Happy National Red Wine Day! I can think of no better excuse to pour myself a glass in celebration of red wine! You may have heard that red wine can be good for you, reducing your risk of heart disease. But how much of its claim to fame is worth the praise?
Red wine is high in resveratrol, which is a compound that some plants produce to fight off bacteria and fungi and protect against UV radiation (1). The resveratrol in wine comes directly from the skin of the red grapes. And there is evidence that resveratrol may boost cardiovascular health and protect against cancer (1).
But wait, isn’t all wine made from grapes? Why is it just red wine that seems to get all the glory? It turns out that the most important fact here is how the wine is made. When white wines are made, they can be made from grapes of any color, including red or black grapes. For making a white wine, the juice is pressed from the grapes and the skin and seeds are separated out (2). Red wines are made similar to white wines, except after crushing; the grape skins are left in with the juice throughout the entire fermentation process (2)! Rose is made from red or purple grapes and after crushing; the grape skins are left with the juice for a few hours (2). This allows the juice to take on the color of the skin.
Ok, so all those amazing antioxidants are coming from the skin of the grapes! And only red wine is fermented with the skin, giving it the high antioxidant content that supports some of those health claims.
Support for Heart Health:
Several studies have shown that red wine has a protective impact on your heart. One study found that it was both the alcohol content as well as the helpful antioxidants that contributed (3). Another study found that having small amounts of red wine daily increased anti-oxidant activity and decreased oxidative stress (and oxidative stress can be very damaging to your heart and blood vessels!) (4). And a large review looking at 26 different studies found that daily red wine intake reduced the risk of heart disease by keeping blood vessels healthier (5).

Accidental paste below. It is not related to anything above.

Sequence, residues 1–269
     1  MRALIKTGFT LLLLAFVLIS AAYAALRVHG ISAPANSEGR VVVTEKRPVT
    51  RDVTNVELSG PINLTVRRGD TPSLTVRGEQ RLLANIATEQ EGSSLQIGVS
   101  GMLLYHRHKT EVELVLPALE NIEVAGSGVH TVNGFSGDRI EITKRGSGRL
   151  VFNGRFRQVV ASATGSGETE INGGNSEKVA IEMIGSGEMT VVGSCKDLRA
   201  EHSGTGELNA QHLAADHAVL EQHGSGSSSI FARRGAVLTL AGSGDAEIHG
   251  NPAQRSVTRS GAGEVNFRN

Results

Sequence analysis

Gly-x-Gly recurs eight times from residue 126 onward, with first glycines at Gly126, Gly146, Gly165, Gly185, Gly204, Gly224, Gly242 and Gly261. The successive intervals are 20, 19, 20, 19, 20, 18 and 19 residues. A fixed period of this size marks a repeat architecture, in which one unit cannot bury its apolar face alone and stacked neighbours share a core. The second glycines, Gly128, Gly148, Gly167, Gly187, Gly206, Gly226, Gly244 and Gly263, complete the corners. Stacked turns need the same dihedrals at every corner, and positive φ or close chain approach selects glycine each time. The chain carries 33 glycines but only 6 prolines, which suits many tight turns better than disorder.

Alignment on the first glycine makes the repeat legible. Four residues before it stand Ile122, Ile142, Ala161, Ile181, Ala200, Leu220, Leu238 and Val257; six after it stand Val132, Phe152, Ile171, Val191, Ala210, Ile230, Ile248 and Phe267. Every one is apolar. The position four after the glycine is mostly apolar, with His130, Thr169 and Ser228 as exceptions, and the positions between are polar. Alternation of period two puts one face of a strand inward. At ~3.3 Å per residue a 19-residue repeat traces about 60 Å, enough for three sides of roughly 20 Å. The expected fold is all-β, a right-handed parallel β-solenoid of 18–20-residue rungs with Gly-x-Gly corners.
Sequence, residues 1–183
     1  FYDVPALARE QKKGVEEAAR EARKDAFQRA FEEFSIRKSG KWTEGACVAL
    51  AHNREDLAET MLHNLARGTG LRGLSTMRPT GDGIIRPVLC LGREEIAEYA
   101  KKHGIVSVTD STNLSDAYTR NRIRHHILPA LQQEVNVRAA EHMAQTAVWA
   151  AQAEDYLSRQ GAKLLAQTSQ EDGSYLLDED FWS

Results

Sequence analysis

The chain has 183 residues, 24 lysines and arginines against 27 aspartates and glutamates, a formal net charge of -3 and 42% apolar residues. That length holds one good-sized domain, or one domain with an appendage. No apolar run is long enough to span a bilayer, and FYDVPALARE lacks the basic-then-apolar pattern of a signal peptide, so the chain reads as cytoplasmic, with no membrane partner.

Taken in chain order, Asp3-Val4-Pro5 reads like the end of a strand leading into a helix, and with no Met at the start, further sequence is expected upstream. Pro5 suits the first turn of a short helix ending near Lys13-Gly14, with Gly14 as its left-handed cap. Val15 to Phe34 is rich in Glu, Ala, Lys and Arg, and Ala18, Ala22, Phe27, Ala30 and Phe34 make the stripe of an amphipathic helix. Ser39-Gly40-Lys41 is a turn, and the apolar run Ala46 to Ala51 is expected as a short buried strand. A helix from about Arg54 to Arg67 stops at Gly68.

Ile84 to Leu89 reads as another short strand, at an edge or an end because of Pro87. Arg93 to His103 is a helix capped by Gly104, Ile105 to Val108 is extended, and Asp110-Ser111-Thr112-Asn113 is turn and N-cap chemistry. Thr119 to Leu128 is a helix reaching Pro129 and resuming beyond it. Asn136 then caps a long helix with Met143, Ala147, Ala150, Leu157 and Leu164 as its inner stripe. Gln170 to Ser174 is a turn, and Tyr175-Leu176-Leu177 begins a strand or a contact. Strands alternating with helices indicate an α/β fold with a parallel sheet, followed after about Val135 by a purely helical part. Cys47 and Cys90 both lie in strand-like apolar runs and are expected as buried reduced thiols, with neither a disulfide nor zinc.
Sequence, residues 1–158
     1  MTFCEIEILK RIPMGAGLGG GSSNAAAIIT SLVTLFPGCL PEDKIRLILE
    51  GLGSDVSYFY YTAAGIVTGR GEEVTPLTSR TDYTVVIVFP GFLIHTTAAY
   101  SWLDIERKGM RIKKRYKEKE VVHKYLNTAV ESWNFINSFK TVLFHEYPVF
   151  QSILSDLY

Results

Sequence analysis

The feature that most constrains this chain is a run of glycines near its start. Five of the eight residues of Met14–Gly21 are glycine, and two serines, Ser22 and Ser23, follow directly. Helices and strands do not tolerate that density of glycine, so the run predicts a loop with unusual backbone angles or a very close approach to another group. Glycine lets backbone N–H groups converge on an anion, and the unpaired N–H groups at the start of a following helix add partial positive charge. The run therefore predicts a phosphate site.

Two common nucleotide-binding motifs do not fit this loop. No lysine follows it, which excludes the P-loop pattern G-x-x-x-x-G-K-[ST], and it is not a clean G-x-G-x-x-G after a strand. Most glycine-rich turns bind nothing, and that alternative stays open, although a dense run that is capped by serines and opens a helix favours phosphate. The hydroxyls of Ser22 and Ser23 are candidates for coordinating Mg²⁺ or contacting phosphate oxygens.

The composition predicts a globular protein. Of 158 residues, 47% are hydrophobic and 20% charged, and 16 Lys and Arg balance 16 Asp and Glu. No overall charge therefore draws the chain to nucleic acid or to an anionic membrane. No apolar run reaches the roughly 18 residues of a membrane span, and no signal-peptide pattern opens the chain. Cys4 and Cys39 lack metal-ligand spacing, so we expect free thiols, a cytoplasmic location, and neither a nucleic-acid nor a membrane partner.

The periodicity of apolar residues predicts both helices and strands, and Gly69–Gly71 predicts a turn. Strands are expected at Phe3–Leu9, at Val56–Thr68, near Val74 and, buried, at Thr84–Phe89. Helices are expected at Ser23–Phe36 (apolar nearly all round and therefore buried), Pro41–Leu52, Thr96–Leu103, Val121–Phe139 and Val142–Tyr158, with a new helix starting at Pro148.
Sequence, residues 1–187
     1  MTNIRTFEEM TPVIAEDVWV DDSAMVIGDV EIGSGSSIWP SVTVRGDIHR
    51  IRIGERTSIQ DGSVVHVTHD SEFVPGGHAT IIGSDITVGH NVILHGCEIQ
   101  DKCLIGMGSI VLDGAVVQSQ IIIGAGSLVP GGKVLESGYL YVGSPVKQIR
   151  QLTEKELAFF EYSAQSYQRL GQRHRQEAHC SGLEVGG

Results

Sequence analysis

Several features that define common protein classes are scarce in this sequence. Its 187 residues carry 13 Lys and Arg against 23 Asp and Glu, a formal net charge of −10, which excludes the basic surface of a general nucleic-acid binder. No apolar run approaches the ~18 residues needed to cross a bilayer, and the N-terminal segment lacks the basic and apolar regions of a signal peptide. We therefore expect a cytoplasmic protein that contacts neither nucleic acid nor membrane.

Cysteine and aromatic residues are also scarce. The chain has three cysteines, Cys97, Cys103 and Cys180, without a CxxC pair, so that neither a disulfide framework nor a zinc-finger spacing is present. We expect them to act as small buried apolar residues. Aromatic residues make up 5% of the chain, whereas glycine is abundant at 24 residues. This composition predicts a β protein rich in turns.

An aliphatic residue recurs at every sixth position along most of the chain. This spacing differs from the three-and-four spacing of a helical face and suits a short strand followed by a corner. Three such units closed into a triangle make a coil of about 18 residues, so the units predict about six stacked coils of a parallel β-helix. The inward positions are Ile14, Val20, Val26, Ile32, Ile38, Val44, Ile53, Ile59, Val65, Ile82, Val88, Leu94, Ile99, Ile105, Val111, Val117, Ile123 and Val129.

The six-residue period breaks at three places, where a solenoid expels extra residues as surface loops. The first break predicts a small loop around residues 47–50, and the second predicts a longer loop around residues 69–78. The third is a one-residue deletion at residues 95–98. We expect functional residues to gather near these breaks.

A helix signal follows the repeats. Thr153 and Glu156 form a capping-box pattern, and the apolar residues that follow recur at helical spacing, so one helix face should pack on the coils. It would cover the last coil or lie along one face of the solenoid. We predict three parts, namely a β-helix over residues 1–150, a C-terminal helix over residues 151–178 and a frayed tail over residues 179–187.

All of these studies showed that people who drank a small amount of red wine each day, about 150 ml (5 oz), seem to be at about a 32% lower risk than non-drinkers. But don’t over-do-it! There is plenty of evidence that having too much red wine can actually INCREASE your risk of heart disease (5, 6). A little goes a long way here.
Reduced Risk of Cancer:
Studies have shown that moderate wine intake is associated with a decreased risk of certain types of cancer, including colon, basal cell, ovary and prostate (7, 8, 9, 10). The researchers feel that these benefits are likely caused by the antioxidants in the wine as well as some anti-inflammatory properties!
Reduced Risk of Dementia:
Some studies have also found that drinking wine daily is linked to a decreased risk of dementia and Alzheimer’s disease (11, 12). Again, those awesome antioxidants are working their powerful skills, this time, to keep our brain cells healthy!
The Big Take Away:
If you like red wine, pour yourself a glass! But know that the recommended portion is smaller than you might think, just 5oz. And the recommendation is to limit your total alcohol intake each week to 1-1.5 glasses a day for women and 1-2 glasses a day for men (and this is all types of alcohol) (13). Too much alcohol intake can cause liver damage, increased risk of depression, weight gain and increased risk of death (13). Enjoy, in small amounts for those health benefits! Not a fan of red wine? No worries! There are food sources of resveratrol that you can add to your diet including red grapes, blueberries, cranberries and peanuts (1).
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- Yvette B. Is red wine good for you?. Medical News Today. https://www.medicalnewstoday.com/articles/265635.php. September 7, 2017. Accessed August 9, 2019.
- Thomas L. The difference between white wine, rose and red wine. http://www.napareserva.com/2014/03/what-is-the-difference-between-white-wine-rose-wine-and-red-wine/. July 21, 2014. Accessed August 9, 2019.
- Bertelli AA, Das DK. Grapes, wines, resveratrol, and heart health. J Cardiovasc Pharmacol. 2009;54(6):468-76.
- Micallef M, Lexis L, Lewandowski P. Red wine consumption increases antioxidant status and decreases oxidative stress in the circulation of both young and old humans. Nutr J. 2007;6:27.
- Di castelnuovo A, Rotondo S, Iacoviello L, Donati MB, De gaetano G. Meta-analysis of wine and beer consumption in relation to vascular risk. Circulation. 2002;105(24):2836-44.
- Chiva-blanch G, Arranz S, Lamuela-raventos RM, Estruch R. Effects of wine, alcohol and polyphenols on cardiovascular disease risk factors: evidences from human studies. Alcohol Alcohol. 2013;48(3):270-7.
- Arranz S, Chiva-blanch G, Valderas-martínez P, Medina-remón A, Lamuela-raventós RM, Estruch R. Wine, beer, alcohol and polyphenols on cardiovascular disease and cancer. Nutrients. 2012;4(7):759-81.
- Shrotriya S, Agarwal R, Sclafani RA. A perspective on chemoprevention by resveratrol in head and neck squamous cell carcinoma. Adv Exp Med Biol. 2015;815:333-48.
- Signorelli P, Fabiani C, Brizzolari A, et al. Natural grape extracts regulate colon cancer cells malignancy. Nutr Cancer. 2015;67(3):494-503.
- Yang X, Li X, Ren J. From French Paradox to cancer treatment: anti-cancer activities and mechanisms of resveratrol. Anticancer Agents Med Chem. 2014;14(6):806-25.
- Ruitenberg A, Van swieten JC, Witteman JC, et al. Alcohol consumption and risk of dementia: the Rotterdam Study. Lancet. 2002;359(9303):281-6.
- Letenneur L. Risk of dementia and alcohol and wine consumption: a review of recent results. Biol Res. 2004;37(2):189-93.
- Adda B. Red Wine: Good or Bad?. Healthline. https://www.healthline.com/nutrition/red-wine-good-or-bad. June 4, 2017. Accessed August 9, 2019.